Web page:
3 Simple Strategies to Help You Parent Better in the New Year
No matter how many children you claim as your own, being a parent is hard. From the constant second guessing yourself to the sleepless nights, it's a miracle we manage to get through each day. My two older children, ages 2 and 4, test my patience more times than I care to count. I know this is a normal part of their development, but it doesn't make their behaviors any easier. Instead of yelling and screaming when they aren't listening or when they are acting like wild monkeys, I have made a conscious decision to use more positive parenting strategies.
1. Give them Undivided Attention
Toddlers have an innate need for attention. When they are provided with undivided, positive attention they are less likely to feel they need to use negative behaviors such as throwing toys, whining, and yelling.
According to Dr. Laura Markham, providing your toddler with attention creates a feeling of belonging. In turn, your child will produce fewer frustrating attention-seeking behaviors. I have been making it a point to sit down and play with my toddler before dinner time because this is the hardest part of our day. By giving him this attention, he typically remains content and is able to play independently while I cook dinner.
We all have those never-ending to-do lists, but by taking time to truly engage, you'll improve all aspects of your child's life as well as yours.
2. Give them Choices
We make all the decisions for our children, from where they go to what they eat and who they play with. Toddlers not only seek attention, but also demand to be in control. If they are not given chances to be in control, they will attempt to create control of any situation by throwing a tantrum or flat out refusing your request. Instead of fighting the endless battles, rethink the situations that are the most difficult with your toddler and offer them some choices.
In my son's case, he has the most meltdowns when he is getting dressed in the mornings and in the evenings. I now offer him choices during our dressing routine. It's amazing how much more cooperative he is if given a choice of clothes or the order in which they go on. Sure, you may cringe when your daughter puts on every accessory she has in her winter closet, but is it a battle worth fighting or should you allow her some autonomy? I have found it has changed the overall tone in our morning routine, and you may see that same change if you allow choices.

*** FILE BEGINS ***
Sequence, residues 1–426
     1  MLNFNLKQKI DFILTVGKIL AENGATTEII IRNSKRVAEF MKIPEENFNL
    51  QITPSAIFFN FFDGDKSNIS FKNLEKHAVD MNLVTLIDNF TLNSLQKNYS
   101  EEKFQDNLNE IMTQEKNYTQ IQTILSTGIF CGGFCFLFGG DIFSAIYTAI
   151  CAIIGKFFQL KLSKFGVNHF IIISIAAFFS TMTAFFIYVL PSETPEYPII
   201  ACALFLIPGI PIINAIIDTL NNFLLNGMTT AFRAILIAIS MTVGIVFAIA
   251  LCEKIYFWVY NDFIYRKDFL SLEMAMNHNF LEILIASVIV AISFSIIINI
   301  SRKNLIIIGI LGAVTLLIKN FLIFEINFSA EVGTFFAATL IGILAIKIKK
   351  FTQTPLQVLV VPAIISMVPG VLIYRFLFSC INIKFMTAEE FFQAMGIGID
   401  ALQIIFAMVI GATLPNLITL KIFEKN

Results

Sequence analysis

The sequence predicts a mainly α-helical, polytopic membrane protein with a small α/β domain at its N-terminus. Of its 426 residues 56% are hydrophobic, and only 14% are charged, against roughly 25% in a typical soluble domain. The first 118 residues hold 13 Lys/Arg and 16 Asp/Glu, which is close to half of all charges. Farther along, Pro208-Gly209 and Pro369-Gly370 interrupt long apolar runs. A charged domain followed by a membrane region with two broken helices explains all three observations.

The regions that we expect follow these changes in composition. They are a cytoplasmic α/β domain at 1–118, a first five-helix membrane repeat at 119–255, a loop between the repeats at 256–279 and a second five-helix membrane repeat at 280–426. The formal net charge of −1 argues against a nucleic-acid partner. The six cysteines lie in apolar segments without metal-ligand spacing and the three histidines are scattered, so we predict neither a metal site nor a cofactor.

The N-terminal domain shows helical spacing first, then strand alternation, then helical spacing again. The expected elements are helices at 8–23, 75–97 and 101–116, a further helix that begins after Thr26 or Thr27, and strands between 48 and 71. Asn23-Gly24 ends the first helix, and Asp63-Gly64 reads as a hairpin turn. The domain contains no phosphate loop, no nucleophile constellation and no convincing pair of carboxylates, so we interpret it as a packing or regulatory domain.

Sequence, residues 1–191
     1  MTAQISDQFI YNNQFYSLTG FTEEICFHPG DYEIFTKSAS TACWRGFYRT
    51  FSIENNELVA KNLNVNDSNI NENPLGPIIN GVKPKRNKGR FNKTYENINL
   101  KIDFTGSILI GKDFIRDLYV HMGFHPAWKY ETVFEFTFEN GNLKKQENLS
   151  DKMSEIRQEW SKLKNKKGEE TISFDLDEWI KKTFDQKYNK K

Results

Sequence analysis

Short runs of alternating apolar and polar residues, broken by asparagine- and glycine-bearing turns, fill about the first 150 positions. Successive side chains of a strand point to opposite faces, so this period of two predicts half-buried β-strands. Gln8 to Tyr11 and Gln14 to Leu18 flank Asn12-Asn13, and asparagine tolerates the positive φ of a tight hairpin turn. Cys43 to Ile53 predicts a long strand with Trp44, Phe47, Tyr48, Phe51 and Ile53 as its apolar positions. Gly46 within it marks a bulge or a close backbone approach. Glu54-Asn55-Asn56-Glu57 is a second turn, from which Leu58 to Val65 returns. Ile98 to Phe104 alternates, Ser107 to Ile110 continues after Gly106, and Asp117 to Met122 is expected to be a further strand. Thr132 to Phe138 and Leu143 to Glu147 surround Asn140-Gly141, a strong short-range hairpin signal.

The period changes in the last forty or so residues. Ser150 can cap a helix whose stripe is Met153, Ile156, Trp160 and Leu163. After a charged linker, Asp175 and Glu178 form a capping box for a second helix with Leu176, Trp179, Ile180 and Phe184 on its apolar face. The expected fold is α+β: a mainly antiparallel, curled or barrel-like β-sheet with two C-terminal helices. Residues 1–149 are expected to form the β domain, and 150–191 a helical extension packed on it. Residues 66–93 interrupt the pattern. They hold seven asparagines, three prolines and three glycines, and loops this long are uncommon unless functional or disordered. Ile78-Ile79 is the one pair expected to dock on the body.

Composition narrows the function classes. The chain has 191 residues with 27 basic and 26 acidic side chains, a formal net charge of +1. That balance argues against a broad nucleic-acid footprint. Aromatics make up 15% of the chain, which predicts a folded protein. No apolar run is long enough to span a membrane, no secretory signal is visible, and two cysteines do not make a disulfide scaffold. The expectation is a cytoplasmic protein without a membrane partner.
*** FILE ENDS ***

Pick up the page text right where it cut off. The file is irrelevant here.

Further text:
3. Stop Yelling
Imagine going 365 days without raising your voice at your child. When a stay-at-home-mom of four boys was busted by her handyman for yelling at her boys, she publicly vowed to the online community to go 365 days without yelling, hence the Orange Rhino Project was born. This project has expanded to thousands and thousands of parents, including a Facebook group.
I'm a little more than one month into the challenge (if you yell you start back at day one), and I am blown away by the results. I feel much less stressed, and my boys' negative behaviors are greatly reduced. The most surprising strategy that has worked for me when dealing with their negative outbursts is whispering. It confuses them so much that they stop in their tracks and actually listen. Pure genius.
What positive parenting strategies have you tried when your children are out of control? Did they work?